Day three of Philpot trial: Attorney advised Philpot OK to take payments

2012-08-22T17:24:00Z 2014-01-30T11:54:10Z Day three of Philpot trial: Attorney advised Philpot OK to take paymentsBy Sarah Tompkins sarah.tompkins@nwi.com, (219) 836-3780 nwitimes.com

HAMMOND | Lake County Coroner Thomas Philpot received a letter telling him he did not need County Council approval to receive incentive payments from a child support incentive fund, according to evidence introduced on the third day of his fraud and theft trial.

The letter was written by David Saks, an attorney hired by the Lake County Council to advise the clerk's office during Philpot's term as Lake County clerk.

Philpot is charged with three counts of mail fraud and two counts of theft of government funds. Prosecutors allege Philpot received about $24,000 in incentive payments between 2004 and 2009 that he knew he was not entitled to without Lake County Council approval. If convicted, he faces up to 25 years in prison and a $250,000 fine for each mail fraud count, and up to 10 years in prison and a $250,00 fine for each theft count.

But Philpot's attorneys claim Philpot did not know he was not entitled to the same incentive payments as his staff who worked on IV-D child support cases, which are cases that involve parties who receive public aid.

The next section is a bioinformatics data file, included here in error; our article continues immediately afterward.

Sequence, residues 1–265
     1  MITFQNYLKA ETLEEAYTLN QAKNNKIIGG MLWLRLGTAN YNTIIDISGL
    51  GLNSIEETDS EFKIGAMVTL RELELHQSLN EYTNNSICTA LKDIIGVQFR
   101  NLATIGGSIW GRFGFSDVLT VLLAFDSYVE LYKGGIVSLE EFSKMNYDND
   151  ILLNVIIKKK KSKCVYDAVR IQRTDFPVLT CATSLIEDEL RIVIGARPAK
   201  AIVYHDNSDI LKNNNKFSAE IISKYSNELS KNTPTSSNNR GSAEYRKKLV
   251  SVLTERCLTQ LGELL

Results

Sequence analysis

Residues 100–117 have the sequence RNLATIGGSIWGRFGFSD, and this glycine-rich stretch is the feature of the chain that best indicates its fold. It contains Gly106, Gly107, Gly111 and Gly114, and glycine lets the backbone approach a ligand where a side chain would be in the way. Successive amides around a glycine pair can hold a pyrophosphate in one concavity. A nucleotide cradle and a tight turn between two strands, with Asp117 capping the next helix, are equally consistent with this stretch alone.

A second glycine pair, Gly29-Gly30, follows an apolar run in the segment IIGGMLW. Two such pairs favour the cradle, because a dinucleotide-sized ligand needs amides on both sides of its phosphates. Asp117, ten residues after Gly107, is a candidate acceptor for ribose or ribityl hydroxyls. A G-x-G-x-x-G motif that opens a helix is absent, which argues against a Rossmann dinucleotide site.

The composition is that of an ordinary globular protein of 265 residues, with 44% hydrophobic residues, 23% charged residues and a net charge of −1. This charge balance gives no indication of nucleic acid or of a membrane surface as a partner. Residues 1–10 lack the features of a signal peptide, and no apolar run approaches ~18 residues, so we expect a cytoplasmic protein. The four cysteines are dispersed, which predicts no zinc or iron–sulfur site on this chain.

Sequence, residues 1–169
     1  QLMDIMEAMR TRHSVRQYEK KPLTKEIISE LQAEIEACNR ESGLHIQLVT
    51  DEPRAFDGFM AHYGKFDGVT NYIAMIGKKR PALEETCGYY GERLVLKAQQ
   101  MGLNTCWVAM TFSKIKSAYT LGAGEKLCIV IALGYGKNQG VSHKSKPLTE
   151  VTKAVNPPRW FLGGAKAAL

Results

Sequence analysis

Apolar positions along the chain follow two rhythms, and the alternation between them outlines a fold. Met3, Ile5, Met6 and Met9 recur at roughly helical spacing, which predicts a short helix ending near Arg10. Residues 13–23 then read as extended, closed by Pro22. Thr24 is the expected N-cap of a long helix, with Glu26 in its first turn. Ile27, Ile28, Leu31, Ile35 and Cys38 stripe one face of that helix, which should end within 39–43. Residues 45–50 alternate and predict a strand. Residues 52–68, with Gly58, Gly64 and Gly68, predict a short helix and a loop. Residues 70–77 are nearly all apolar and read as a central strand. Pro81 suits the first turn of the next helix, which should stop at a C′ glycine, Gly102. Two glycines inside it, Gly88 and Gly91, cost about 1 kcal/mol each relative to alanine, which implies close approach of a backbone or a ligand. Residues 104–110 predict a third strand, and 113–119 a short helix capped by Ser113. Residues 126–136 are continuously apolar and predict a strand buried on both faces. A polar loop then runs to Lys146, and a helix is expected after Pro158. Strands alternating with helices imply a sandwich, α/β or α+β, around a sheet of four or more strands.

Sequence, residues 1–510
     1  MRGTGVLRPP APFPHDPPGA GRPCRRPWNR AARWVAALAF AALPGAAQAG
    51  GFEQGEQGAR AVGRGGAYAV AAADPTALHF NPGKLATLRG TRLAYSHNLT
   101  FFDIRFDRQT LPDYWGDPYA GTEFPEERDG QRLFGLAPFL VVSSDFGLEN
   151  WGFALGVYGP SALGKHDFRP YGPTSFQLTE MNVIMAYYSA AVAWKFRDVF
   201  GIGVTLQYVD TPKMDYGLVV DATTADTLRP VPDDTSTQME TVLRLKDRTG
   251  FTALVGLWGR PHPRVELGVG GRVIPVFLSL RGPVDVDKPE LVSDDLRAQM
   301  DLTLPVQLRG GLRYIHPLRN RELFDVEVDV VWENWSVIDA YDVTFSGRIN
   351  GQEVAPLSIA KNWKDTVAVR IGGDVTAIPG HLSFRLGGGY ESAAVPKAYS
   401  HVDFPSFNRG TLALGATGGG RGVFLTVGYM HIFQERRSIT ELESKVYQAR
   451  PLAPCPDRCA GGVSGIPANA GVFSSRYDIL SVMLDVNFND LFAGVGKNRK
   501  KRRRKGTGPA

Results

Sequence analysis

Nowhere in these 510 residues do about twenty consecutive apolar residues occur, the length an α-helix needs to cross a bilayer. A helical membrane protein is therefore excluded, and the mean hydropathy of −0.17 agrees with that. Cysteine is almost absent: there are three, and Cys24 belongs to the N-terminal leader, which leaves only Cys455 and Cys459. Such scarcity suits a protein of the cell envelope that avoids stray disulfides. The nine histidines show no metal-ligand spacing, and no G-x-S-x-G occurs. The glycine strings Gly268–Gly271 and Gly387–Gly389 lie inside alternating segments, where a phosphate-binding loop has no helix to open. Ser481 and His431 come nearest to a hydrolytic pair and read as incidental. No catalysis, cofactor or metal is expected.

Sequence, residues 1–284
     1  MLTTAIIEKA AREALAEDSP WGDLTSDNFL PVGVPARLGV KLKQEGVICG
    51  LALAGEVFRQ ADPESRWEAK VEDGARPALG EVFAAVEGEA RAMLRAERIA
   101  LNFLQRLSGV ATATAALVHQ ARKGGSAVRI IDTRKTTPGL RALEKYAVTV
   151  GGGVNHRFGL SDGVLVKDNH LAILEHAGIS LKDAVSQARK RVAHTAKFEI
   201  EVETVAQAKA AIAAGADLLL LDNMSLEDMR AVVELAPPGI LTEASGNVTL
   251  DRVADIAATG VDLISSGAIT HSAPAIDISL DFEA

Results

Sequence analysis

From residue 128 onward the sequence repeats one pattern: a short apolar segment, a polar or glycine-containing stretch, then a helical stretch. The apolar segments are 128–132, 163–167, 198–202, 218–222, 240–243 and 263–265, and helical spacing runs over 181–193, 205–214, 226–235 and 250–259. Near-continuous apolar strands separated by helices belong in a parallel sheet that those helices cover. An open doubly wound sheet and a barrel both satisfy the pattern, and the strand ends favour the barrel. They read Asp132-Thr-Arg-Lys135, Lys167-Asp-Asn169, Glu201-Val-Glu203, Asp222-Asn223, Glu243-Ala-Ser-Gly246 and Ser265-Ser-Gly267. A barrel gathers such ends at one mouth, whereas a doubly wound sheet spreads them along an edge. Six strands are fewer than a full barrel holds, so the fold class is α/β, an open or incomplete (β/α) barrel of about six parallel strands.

Christine Cid, a member of the Lake County Council who has worked in the clerk's office since 2004, testified that when she was council president in 2008 she had taken a stance against supplemental pay. She said they had to cut $15 million from the county budget and lay off several people.

She said she was surprised to see a letter from the clerk's office to put on the council agenda a request to transfer money from a line item for equipment to a line item for supplemental pay, all within the 428 fund.

"The part that disturbed me was the top three administrators were receiving quite large sums of money and others were receiving very little," she said.

Cid also testified that she contacted the council's attorney to look into the bonuses, and that she later told then-personnel manager of the clerk's office, Gus Trakas, that an elected official could not get a pay increase without council approval.

Trakas, who has known Philpot for more than 30 years, took the stand and said he told Philpot about his conversation with Cid.

"I said, 'Hey, Cid told me about these bonuses,' " Trakas said. " 'Cid said that we're OK but you have a problem with it and you have to go to the council.' He said, 'No, because I have a letter from Dave Saks that says I don't need to go to the council.' "

Three former County Council members testified Philpot never approached them to ask permission to receive the money. The request to put the money transfer between line items in the 428 fund was withdrawn and never made it on the council agenda.

According to state statute, distribution payments from the fund did not require council approval, but money used to supplement an elected official's pay did.

It is not disputed Philpot received the payments, but jurors will need to decide whether he knew at the time that it was wrong.

The trial continues at 9 a.m. Thursday in Senior Judge James Moody's courtroom. Assistant U.S. Attorney Philip Benson said he intends to call attorney Saks to testify at that time.

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